meh, i'm gonna call bs again. the PCE will save you very little that the standard point counter would not already do. seeing all of the data the PCE provides can just as easily cause as much AP as it will save time.

But when there are already good other arguments in favor of allowing the PCE...

those all struck me more as either personal opinions or baseless statements passed as facts.

(#1-#4) and no imperative arguments against it,

there were a few arguments against it.  the one where the creator of the game said that any form of notetaking or use of extraneous supplies was against the rules comes to mind. or the fact that the PCE shows information different for users and nonusers and that nonusers should not be forced to use an extension to level the playing field. seriously, if everything available via the PCE was a checkbox option on isotropic this wouldn't be an issue.  but the PCE is a variant, and should require mutual consent for play.

in my opinion Personman got unfairly bashed for making a similar argument there. I guess this bashing was to some extent a consequence of him wording the argument too absolutely and not emphasizing that this doesn't apply to many other cases of rules which may be difficult to enforce.

nah, personman was bashed more for being pretty stubborn about using the extension and seemingly taking advantage of theory's attempts at making peace. that and a couple of contradictory defenses.

man i don't care about this stupid extension. i think that a single set against pops was the only time i've ever disabled anyone, it doesn't matter to me. it strikes me as a bit of a crutch but if thats your thing so be it.  but some of these arguments in favor of it are just completely backwards. if you are going to make a case for it though i would focus on points 1 and 5, eliminating memory and enforcability, and leave it at that.
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Varsinor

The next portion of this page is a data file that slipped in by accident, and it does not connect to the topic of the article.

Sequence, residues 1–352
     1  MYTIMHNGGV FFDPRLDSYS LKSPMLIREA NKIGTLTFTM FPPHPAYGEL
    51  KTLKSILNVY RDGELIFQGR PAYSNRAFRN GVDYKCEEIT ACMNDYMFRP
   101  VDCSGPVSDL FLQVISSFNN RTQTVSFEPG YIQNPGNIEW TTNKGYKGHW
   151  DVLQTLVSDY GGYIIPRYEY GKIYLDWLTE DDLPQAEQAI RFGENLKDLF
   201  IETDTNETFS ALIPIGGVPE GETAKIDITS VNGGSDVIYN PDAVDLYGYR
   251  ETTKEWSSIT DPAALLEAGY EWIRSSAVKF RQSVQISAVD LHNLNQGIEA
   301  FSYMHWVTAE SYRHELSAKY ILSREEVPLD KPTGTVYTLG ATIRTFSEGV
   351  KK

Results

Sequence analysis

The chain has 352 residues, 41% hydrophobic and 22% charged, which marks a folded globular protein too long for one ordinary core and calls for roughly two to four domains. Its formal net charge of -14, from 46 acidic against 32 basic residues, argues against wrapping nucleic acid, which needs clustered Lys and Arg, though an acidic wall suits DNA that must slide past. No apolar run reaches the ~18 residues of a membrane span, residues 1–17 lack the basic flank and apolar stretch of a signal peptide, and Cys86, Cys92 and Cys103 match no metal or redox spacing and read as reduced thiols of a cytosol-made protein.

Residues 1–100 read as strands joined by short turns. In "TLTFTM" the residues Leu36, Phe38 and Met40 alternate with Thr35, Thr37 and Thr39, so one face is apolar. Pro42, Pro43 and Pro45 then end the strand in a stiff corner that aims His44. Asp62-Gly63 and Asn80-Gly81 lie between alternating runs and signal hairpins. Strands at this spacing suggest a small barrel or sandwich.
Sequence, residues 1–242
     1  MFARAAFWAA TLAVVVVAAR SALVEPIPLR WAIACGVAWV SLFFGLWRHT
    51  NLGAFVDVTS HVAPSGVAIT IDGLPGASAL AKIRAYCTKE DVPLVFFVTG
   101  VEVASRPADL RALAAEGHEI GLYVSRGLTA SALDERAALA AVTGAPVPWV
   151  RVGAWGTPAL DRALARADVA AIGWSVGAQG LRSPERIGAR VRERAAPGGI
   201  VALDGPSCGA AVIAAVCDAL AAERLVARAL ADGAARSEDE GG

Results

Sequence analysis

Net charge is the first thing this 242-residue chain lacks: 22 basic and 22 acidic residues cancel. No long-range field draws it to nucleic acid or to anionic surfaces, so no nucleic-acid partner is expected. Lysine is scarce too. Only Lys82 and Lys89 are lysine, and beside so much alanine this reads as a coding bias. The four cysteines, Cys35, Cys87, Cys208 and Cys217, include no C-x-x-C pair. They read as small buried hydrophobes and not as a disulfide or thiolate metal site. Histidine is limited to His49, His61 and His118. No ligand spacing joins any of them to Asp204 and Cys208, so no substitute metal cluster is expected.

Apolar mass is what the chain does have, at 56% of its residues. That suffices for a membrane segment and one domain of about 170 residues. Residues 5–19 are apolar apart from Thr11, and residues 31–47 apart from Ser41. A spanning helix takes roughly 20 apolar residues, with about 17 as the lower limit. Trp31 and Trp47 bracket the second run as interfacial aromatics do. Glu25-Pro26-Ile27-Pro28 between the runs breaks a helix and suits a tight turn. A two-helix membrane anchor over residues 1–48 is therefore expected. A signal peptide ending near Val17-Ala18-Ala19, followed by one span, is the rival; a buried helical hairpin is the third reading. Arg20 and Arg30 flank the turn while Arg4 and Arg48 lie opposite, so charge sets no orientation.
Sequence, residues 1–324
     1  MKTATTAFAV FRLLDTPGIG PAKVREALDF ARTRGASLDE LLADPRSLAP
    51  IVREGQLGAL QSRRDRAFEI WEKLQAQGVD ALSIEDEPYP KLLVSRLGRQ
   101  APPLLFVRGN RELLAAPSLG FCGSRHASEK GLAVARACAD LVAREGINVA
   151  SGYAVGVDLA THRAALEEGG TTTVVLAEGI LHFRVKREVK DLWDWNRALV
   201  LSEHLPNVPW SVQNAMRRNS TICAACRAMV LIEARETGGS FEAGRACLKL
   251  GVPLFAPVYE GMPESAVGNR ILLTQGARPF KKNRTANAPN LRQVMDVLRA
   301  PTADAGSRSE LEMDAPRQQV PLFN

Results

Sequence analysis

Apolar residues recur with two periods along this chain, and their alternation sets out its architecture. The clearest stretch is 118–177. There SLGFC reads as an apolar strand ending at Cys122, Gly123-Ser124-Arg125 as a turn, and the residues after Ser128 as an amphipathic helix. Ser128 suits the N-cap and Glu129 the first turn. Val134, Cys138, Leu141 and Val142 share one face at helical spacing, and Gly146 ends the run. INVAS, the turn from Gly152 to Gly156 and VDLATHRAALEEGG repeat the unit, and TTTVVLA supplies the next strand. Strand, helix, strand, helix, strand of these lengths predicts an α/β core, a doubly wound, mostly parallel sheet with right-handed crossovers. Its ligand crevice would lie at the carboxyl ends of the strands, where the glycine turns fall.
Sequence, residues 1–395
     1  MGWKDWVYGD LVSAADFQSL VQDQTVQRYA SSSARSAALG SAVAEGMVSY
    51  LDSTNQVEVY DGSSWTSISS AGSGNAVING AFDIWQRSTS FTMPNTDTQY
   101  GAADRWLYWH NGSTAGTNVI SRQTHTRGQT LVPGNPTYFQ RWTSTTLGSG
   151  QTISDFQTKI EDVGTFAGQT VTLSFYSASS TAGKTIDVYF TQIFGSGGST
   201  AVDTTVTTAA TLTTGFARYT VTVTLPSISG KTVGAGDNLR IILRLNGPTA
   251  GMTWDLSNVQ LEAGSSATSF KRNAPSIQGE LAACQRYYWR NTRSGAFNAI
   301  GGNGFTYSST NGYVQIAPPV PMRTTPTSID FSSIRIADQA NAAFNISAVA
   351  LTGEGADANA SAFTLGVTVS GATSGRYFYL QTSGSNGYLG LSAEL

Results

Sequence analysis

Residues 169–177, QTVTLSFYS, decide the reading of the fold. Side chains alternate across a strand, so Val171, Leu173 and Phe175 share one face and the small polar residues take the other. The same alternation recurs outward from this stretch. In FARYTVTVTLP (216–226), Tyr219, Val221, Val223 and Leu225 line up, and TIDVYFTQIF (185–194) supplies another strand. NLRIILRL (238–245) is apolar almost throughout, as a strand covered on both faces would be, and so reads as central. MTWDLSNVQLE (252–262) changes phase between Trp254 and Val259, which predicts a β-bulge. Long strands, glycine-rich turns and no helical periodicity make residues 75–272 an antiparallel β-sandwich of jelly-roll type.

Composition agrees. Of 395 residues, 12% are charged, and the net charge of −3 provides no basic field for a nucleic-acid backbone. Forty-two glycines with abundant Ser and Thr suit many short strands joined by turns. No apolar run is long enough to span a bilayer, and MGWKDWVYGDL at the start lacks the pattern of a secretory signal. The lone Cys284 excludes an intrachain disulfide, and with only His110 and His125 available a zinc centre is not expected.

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Re: Use of the point- / card-counter extension in an online tournament
« Reply #63 on: August 11, 2012, 09:14:05 am »
0

until i see some better reasoning behind this im gonna go ahead and call bs. it sounds like the kind of thing a clueless sports broadcaster would say. nice for a soundbite, but lacking in substance. how exactly does it ensure more complicated combos work?

I didn't say it ensures them, I said it makes them more likely to work. As in "you have a higher chance to make the best decision in critical moments".
There are several deck types for which it can be important exactly how many cards of each you have. Ambassador and Chapel games for instance or most alternate VP strategies. (How much are your Fairgrounds? Is it safe to buy Silk Roads over Duchies?) In fact, in these cases they are so important that many people will commit "memory efforts" to counting these things in games without an automatic counter. At least I did before I used the PCE. But that is tiring and you can make mistakes.
To play engines optimally it is often important to have the right ratio of terminals and villages, among other things.
Sure, you can go ahead and just wing that, but as I said your engines/combos are somewhat more likely to work with the optimal ratio.
I mean, come on. These should be pretty obvious. If the use of the PCE didn't provide some benefit over pure memory, nobody would complain that an opponent used them.

3. It also makes it easier to realize why the game turned out in a certain way. It therefore helps people to get better at Dominion. Which should be particularly nice for beginners.

there are two ways you can view this. if you are looking at it after the fact then well game logs already cover all that.  and if you are looking for this kind of assistance during a game then that strikes me as a bit sketch.  i mean at that point can i just ask a high level friend for input on how to play my current game?

I was talking about the learning aspect here. Being tutored by a high level friend sure helps loads for learning, quite certainly much more than any counter alone ever could! But most people aren't so fortunate as to have high level friends who tutor them during their games. Yes, you can also go through the log afterwards (and sometimes I do), but you don't do that on most games because it takes a lot of time and isn't very fun.
I often had learning effects during a game sparked by following the PCE output. Such as, "oh, my opponent is probably doing better because he has more Menageries" or Warehouses or whatever.
Actually, I must admit that often I don't even read much of the per-turn-text-output of what my opponent does because I find it too cumbersome to read. I more or less follow what he buys and gains (and swindles me) on the PCE.
Even before I used the PCE I didn't read much of the text output either, so I missed a lot about the strategies of my opponent.